When I entered the office of Dr Sangeeta Mishra, Director of Koshi Zonal Hospital in Biratnagar, she was discussing a few points with one of the doctors. After the two doctors were done with their discussion, which was brief, I put forth my two questions: What are the preparations at this hospital to fight COVID-19 and How are frontline medical professionals/healthcare workers coping with the stress.

Dr Mishra starts briefing me about the steps taken by the hospital to prevent the spread of the virus while treating incoming patients. She is calm and collected as she gives me the information. As the briefing on preparations is about to be done, she starts getting frantic calls about where and how to keep the three people in quarantine. Dr Mishra is now struggling between the interview and incessant phone calls with the ambulance drives, the CDO, and hospital staff.

Just as she is done coordinating between various persons on the phone, a representative from the local tailor knocks her door with some samples of the locally sewn PPE. They are a two-piece garment, just like a single-person raincoat. That is not the design she had sent to the tailor. She reminds the representative about her jumpsuit-like design, returns the samples, and requests for another batch as soon as possible.

Another series of phone calls distract her yet again.

Keeping her phone down she lets out a contended broad smile and says, “It is a stressful time of course, but I am not allowed to say that because a lot of people’s hopes are dependent upon me. By being in this chair, I have no option but to stay positive even during the time of crisis.”

Dr Mishra says healthcare workers at the hospital are scared for their own wellbeing mostly due to the lack of protective gears (PPE, masks, gloves, goggles) but also because of the misinformation that some online news portals have been disseminating. She says, “At this time, the government should use the media in a right way so that factual information is circulated to the citizens. Even doctors here are scared due to the lack of accurate data regarding COVID-19.”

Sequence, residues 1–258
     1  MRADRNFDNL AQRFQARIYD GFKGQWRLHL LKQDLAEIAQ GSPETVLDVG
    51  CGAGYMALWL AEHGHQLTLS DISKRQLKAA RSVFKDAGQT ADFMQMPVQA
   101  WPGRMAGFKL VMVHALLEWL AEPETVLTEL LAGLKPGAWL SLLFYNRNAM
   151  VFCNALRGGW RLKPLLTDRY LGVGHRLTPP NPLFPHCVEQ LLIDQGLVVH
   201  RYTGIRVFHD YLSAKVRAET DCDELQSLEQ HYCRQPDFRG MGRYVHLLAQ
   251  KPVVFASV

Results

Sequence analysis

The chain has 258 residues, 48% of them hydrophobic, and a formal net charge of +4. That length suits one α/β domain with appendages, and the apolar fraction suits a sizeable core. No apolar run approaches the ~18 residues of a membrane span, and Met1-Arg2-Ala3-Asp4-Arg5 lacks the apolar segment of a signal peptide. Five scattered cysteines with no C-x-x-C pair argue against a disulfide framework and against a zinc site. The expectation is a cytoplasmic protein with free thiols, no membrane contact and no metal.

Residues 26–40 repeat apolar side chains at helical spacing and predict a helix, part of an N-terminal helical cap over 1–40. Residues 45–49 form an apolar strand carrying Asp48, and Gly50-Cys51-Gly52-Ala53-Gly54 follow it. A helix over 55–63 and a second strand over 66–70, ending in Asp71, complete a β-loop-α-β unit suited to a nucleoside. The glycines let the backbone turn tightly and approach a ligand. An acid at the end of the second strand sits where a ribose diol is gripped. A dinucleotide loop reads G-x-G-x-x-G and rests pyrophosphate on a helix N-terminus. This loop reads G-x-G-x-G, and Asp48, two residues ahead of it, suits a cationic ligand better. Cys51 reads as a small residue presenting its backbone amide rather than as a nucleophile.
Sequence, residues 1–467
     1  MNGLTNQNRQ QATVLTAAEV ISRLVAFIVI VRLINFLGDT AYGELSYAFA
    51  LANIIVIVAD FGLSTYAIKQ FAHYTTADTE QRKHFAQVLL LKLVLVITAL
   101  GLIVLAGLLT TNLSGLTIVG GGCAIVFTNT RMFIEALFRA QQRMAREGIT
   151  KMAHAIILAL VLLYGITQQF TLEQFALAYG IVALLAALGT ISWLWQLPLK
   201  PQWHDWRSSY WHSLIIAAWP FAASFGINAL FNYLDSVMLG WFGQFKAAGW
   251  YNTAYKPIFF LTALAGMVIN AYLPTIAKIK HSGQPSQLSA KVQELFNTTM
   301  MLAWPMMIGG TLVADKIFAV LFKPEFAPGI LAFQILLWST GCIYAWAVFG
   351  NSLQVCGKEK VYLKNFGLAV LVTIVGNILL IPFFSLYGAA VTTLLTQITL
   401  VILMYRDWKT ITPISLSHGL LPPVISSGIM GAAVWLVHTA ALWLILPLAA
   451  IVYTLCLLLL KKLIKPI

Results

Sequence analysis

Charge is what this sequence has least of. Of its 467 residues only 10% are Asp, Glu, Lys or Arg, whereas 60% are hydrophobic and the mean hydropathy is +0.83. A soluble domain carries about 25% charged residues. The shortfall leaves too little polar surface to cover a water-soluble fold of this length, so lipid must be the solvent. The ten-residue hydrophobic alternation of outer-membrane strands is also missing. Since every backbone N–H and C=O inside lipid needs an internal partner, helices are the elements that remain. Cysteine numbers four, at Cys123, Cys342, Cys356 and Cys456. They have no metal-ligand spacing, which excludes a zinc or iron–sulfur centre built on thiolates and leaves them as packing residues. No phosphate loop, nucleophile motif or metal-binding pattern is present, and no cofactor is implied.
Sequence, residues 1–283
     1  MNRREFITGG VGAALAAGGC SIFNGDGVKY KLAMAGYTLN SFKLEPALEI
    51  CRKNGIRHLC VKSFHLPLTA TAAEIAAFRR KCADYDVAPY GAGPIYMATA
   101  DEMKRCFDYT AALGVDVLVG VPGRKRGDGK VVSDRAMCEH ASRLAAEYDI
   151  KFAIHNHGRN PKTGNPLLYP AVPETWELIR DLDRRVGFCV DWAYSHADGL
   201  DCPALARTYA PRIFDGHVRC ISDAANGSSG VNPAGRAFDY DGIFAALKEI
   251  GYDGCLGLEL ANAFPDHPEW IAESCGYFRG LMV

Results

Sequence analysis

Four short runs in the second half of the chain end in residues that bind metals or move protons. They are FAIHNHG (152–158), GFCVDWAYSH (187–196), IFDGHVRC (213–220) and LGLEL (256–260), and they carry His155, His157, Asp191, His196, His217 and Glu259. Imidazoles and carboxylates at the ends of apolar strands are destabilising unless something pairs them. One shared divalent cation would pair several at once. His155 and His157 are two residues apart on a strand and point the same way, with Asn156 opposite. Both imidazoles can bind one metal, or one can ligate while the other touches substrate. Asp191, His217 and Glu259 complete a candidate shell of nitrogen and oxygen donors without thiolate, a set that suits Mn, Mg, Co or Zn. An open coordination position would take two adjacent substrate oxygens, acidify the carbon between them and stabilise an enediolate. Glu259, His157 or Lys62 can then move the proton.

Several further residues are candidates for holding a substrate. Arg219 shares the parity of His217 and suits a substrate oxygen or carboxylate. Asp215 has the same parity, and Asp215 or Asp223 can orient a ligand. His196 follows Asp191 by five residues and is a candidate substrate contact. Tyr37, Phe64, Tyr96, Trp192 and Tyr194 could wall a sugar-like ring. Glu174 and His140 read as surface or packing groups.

A mother of two, Dr Mishra says even her youngest kid avoids her request for cuddles when she reaches home after a long and tiring day at the hospital. “When I reach home, I try my best to stay away from work-related stress. I have to answer my phone calls, but that’s it. It is crucial that I give myself some time and space at home so that I am ready to handle the stressful work environment the next day,” she says.

Dr Dikshanta Pokhrel, of Post-mortem ward at Koshi Hospital says, “We are scared because we haven’t been provided with protective gears. We’ve been using home-made PPE as of yet. The availability of PPE would have boosted our self-confidence, but that’s not happening. Imagine what would happen if soldiers fighting in the frontline of a war were sent without guns and other weapons. How would they feel, how would they fight? Our situation is like those soldiers without weapons.”

Amid a global pandemic when healthcare institutions have been stretched to their capacity’s limit, ignoring the needs and safety of healthcare workers is certain to consequently hamper public health. Their psychosocial health is also equally important. “Even healthcare professionals are in need of counselling at the moment. Every day, I council my staffs in the morning before I begin my work,” says Dr Mishra.

“Though the central government issued a strategy to fight this battle, the strategy is not concrete. Despite coordination from the local and provincial levels, there still are loopholes that the government has overlooked. There is no chain of command. Lack of coordination as well as a focal person to deal with technical matters has given me the most difficult time,” she says.

When asked if the hospital and herself are ready to handle if a patient tests COVID-19 positive, Dr Mishra says, “I believe we can handle it. We are doctors and it is our duty to save lives. But I would not force my hospital staff to treat such a patient if they are not given proper safety gears. The life and wellbeing of healthcare workers are also equally important.”

“We should stay positive and well-informed. If contact tracing is done and the number of cases don’t drastically increase within the next 7-10 days, I’m sure things will go back to normal soon. It is important that all of us embrace positivity at the moment,” concludes a hopeful Dr Mishra.